Primary Blogging

Collecting blogs about primary education

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On teaching the canon

Clio et cetera

It is a sad fact that there is insufficient time to teach all that we might want to teach. Whether it is periods of history or works of English literature, there is always something else to study, and, inevitably, this means making choices about what is in and what is out. Debates about the curriculum are most frequently about what these choices should be with the recent debates about the history curriculum an example of this. Particularly in English literature, though seen elsewhere as well, the debate revolves around the idea of a ‘canon’. For some, there is a canon of literature, or similarly a body of knowledge, that has a special status that sets it apart from, and in superiority to, other texts or bodies of knowledge. Value is central to the idea, and a canon is supposed to be, in the words of the West London Free School…

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Challenge & Success for all

Class Teaching

challenges ahead The 15 minute forum tonight was led by Steph Holt – looking at how we can ensure high levels of challenge during lessons.  She started the session by reminding us of the fact that it’s unfortunate that often when you read about challenge, it’s often in the context of ‘challenging the most able’.  This is not good. It seems quite bizarre that we seem to have got into thinking that only the most able need/deserve challenging? So some over-arching principles for challenge:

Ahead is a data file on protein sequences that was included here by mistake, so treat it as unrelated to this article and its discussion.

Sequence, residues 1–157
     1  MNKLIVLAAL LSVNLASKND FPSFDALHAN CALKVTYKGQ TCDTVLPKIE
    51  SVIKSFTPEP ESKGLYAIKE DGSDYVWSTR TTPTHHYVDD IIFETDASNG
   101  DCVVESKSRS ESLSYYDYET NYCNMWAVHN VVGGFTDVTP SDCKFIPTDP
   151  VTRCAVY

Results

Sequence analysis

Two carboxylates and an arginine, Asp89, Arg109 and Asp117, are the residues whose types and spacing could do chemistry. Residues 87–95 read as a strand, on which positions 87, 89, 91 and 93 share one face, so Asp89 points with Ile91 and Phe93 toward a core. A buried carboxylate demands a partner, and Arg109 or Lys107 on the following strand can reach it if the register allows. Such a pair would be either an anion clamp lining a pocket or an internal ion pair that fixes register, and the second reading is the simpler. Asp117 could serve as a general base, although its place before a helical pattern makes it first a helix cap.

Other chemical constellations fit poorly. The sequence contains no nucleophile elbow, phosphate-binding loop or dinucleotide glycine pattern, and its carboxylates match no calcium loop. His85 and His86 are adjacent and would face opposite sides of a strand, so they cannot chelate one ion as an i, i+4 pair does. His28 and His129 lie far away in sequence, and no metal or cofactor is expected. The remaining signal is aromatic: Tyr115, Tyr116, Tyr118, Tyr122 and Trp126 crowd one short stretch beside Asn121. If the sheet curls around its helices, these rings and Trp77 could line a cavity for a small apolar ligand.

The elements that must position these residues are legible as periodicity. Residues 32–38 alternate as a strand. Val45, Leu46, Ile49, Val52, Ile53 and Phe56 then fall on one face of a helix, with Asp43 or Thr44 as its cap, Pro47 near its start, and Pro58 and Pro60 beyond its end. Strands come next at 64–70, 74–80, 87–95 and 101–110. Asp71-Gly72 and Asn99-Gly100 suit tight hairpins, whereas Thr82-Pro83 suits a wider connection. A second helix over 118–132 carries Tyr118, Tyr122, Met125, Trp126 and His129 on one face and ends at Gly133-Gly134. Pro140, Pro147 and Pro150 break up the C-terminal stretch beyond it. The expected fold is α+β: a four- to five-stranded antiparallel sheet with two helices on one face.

• It’s not just about the most able.
  • We should have high expectations of all students, all of the time.
  • Make it hard – it’s good for students to find tasks difficult.

On the last point, how many of us have been told (following a lesson observation) that ‘you pitched the lesson wrong, as they were struggling‘ -This is an odd statement, as struggle (within reason obviously) is good as it develops

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Topics, projects or Units of Inquiry?

Internationalising the National

Various UK based primary practitioners have recently been blogging on the benefits, pitfalls and idiosyncrasies of using ‘topic’ based learning in the National Curriculum. I’ve enjoyed reading these, an interesting range of views have been aired and there have also been some nostalgic glances back to ‘topic webs’ etc.

Teachers in UK schools may be interested to know about The International Baccalaureate Primary Years Programme’s take on cross-curricular or ‘trans-disciplinary’ learning.

The PYP has at its heart a Programme of Inquiry which is structured around 6 Trans-disciplinary themes, which students return to on an annual basis; these are:

Who we are—an inquiry into the nature of the self; beliefs and values; personal, physical, mental, social and spiritual health; human relationships including families, friends, communities, and cultures; rights and responsibilities; what it means to be human.

Where we are in place and time—an inquiry into orientation in place and…

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DIRT – a short enquiry into impact on children’s learning behaviour and progress.

Reach For The Moon

Some of you, those few who know me, will be aware I am taking part in a leadership course led by my LA, Norfolk, this year. One of our responsibilities as part of the course was to do a small piece of action research. So here is mine. Please comment, critique, but mostly, I hope, enjoy.